I've been a student of personal productivity, including time management, all my life. Truth be told, I was like one those photographers festooned with equipment — cameras, tripods, flashes, jackets with tens of pockets for every conceivable gadget (I used to be that kind of photographer too, but that's a different story).
Over my life I have researched and tried almost every known productivity and time management system out there — and literally created some of my own. In my software development days I used to believe fervently that my systems would give me an edge. Some of those systems helped — mostly they didn't. I read and studied everything from Steven Covey's Seven Habits to Brian Tracy's Eat that frog to David Allen's Getting Things Done and a hundred in between. I remember the joy I experienced the day I discovered Lee Valley's Portable Office — not only did it look terribly organized, I also loved the look and feel of the paper and the binding. Surely this would help me get my life organized!
So as a lifelong student, I claim strong familiarity with the subject of time management and personal productivity. And I would like to leave you with three key insights that I hope will make a difference in your life.
1. The best systems are the simple ones
When you're trying to become more productive and manage your time more efficiently, the last thing you want is a system that adds more work. The principles driving your system should be simple, and the tools helping you do that should be unobtrusive but available when you need them.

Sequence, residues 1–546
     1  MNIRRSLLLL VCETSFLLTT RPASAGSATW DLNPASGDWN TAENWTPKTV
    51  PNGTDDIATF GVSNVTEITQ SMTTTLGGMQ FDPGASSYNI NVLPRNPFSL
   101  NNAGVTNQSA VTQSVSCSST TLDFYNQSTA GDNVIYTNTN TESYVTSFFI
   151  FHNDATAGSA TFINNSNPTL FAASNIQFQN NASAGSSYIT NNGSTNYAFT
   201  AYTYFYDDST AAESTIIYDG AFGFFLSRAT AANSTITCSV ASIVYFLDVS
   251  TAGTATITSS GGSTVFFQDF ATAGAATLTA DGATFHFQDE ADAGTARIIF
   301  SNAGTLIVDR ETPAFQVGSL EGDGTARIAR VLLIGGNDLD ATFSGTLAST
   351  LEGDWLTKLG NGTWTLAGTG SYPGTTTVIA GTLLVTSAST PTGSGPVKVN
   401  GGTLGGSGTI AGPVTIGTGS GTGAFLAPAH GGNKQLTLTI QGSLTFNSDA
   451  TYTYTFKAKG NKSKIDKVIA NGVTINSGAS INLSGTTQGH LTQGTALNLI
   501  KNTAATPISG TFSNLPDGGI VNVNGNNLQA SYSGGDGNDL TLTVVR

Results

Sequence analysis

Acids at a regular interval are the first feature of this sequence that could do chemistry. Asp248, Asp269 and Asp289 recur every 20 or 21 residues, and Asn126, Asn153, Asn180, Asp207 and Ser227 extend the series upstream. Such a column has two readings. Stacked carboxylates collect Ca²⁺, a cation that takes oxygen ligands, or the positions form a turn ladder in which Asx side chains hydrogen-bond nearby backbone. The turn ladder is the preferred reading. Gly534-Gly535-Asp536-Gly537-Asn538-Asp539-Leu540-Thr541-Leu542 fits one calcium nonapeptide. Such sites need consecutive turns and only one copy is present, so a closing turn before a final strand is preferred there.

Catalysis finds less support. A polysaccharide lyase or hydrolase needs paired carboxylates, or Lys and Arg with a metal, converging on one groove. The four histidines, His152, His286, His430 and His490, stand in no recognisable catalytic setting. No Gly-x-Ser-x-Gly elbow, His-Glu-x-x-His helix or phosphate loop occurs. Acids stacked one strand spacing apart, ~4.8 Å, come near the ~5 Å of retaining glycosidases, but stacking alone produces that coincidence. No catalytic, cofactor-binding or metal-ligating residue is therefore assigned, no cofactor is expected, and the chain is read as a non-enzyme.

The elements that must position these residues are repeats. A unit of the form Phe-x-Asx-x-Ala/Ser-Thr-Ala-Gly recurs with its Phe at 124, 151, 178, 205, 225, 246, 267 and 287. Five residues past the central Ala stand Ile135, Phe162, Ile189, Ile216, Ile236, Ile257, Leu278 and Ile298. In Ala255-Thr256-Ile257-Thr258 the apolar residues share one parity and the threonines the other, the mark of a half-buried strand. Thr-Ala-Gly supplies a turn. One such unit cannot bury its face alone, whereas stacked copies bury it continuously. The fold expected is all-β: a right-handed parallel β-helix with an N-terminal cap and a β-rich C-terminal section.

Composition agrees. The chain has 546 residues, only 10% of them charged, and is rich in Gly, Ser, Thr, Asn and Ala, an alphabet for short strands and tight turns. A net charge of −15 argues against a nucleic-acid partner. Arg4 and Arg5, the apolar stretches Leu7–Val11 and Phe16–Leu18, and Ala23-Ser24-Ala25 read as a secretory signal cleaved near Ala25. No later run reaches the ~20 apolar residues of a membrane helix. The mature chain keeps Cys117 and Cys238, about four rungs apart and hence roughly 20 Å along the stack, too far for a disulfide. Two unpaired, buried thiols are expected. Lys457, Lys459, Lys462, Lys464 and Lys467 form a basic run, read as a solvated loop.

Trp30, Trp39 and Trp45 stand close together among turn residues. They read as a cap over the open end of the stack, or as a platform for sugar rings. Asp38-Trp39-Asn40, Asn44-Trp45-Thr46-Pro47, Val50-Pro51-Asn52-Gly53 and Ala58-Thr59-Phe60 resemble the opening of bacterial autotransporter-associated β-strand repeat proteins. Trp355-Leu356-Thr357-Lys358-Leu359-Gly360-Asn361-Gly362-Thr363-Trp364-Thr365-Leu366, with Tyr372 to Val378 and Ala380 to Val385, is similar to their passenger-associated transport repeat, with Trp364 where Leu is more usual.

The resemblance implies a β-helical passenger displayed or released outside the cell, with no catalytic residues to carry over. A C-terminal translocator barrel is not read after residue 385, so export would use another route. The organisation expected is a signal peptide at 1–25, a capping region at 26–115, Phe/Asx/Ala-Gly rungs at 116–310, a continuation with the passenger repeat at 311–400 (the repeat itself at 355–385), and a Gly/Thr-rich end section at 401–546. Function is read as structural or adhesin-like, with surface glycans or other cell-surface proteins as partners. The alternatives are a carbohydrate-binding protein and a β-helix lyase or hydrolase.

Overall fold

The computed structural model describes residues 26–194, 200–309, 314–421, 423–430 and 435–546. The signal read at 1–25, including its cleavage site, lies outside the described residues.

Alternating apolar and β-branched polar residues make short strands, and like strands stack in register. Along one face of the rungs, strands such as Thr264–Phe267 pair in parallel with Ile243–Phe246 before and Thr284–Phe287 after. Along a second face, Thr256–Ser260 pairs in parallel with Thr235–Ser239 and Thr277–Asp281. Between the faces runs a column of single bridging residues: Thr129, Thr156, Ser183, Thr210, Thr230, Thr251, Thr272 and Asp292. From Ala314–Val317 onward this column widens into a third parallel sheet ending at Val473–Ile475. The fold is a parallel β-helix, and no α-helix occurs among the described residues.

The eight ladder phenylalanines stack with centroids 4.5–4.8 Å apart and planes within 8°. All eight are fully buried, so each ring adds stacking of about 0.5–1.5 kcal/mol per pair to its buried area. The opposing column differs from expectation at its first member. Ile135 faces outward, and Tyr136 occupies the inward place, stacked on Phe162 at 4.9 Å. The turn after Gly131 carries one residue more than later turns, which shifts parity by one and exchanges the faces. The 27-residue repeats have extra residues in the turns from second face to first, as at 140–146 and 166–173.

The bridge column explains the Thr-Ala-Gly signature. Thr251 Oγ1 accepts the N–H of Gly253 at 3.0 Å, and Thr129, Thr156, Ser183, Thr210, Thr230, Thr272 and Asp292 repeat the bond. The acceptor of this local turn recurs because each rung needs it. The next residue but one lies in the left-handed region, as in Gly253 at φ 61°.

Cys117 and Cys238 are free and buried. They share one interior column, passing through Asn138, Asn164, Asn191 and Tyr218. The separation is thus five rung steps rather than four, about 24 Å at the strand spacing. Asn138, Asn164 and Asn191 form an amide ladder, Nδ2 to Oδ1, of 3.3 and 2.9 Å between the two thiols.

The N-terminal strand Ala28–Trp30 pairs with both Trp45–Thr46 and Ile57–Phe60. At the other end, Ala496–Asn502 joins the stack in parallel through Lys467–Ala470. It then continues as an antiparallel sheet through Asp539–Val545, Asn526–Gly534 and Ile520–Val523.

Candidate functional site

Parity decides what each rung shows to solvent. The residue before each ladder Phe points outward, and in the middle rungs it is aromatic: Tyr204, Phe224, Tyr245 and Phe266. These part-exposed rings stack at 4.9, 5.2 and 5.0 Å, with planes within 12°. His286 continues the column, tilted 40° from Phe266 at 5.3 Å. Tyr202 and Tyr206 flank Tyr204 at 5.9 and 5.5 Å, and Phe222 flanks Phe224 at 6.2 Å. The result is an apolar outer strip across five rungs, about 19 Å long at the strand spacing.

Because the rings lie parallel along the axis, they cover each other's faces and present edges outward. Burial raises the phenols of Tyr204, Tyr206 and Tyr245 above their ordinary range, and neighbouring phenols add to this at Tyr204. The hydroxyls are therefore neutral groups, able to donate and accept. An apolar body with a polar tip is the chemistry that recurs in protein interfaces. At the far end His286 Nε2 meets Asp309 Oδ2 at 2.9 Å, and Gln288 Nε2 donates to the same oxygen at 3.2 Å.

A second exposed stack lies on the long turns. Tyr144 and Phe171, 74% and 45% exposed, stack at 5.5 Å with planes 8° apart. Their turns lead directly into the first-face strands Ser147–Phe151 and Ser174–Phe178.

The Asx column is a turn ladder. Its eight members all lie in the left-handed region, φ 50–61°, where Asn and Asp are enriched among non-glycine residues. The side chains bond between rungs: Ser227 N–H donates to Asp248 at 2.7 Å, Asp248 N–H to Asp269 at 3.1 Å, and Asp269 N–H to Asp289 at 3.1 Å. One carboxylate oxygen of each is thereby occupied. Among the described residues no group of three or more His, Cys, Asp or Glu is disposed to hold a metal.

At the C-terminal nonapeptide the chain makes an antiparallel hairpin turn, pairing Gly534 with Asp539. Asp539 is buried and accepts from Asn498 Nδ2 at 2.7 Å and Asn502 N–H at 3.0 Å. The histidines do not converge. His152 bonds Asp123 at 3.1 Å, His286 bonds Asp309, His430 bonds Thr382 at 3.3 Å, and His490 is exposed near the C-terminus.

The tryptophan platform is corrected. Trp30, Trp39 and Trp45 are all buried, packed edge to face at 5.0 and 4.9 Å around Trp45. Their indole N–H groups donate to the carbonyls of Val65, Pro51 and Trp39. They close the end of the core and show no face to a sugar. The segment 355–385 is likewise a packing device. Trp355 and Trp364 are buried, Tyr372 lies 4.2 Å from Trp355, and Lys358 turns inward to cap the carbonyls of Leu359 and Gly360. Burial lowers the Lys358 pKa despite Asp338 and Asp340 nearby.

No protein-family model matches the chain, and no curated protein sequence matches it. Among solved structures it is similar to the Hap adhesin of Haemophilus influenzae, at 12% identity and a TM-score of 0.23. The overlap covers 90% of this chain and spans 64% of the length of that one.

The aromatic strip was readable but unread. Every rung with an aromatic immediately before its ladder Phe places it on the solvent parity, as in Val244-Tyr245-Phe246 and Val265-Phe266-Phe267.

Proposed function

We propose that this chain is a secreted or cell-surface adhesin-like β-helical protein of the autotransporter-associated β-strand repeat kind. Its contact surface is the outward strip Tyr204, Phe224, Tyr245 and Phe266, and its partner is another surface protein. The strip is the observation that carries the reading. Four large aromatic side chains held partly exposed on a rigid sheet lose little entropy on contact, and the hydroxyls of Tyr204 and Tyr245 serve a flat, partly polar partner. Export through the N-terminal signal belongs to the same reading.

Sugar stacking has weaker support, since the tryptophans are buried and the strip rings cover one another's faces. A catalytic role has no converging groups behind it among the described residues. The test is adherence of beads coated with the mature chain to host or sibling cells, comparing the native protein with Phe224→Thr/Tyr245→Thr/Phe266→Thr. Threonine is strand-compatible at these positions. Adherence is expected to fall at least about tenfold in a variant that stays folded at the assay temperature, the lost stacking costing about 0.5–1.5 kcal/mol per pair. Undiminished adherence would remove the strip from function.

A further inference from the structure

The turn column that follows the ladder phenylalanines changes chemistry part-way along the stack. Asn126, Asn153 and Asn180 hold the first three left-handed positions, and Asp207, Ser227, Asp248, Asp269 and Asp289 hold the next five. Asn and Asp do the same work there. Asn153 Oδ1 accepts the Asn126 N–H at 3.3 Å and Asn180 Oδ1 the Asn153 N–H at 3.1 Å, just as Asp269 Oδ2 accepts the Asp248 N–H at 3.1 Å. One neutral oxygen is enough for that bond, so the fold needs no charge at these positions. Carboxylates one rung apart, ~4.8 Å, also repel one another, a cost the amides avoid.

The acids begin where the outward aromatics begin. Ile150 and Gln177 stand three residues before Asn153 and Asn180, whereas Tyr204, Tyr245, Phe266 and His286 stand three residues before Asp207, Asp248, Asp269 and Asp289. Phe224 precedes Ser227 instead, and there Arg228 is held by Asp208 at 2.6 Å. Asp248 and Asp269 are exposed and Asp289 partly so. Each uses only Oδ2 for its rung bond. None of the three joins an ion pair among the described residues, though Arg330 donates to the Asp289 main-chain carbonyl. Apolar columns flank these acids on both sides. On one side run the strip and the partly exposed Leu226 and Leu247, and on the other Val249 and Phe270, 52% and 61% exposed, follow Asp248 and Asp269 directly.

I've adopted the principles of Getting Things Done (GTD) for collecting and organizing all the stuff I need to do, and the tool I use is Things. The principles underlying the methodology are simple and the tools are unobtrusive and synchronize across all my platforms.
But the task management software is not enough — it just allows me to collect, organize and prioritize stuff. I've also adopted the principle of:
2. If it's not in the calendar, it doesn't get done
Every week (sometimes every day if things are running hot) I will schedule time to get the stuff in my task list done. I don't necessarily schedule time for every little thing — sometime 30 minutes to get a bunch of small items done. But everything needs to go into the calendar.
…everything needs to go into the calendar.
Sometime scheduling stuff doesn't work. I often find myself scheduling administrative or otherwise boring stuff for a particular time, but when I look back at the week I realize I've often moved these around as more shiny things appeared. At least I don't delete them from the calendar — they stay there until they're done. But oh man, can they move around!
That leads me to the third insight:
3. If you don't know where you're going, you probably won't get there
Using systems like GTD are great for managing all the tasks you need to get done. But if you're in business your life is not run by tasks — its run by big things like projects, year-ends or deliverables. And if you're an entrepreneur you know that there are always more of these things than you can possibly get done.
So here's the insight: You need to plan out your year, quarter and months.
But most importantly you need to plan what you need to get done in the next week, every week.
Have you ever looked back at a week and wondered where the time went? How much (or how little) you got done? And — here's the kicker — how much (or how little) that moved you towards your goals? So here's the thing:
- if you are able to plan out the things you need to achieve each week;
- set out the time you need in your calendar to do those things; and
- still keep some "slack" time for all the other stuff that's going to pop up,
you will be amazed at how much you can get done.
I hope that helps!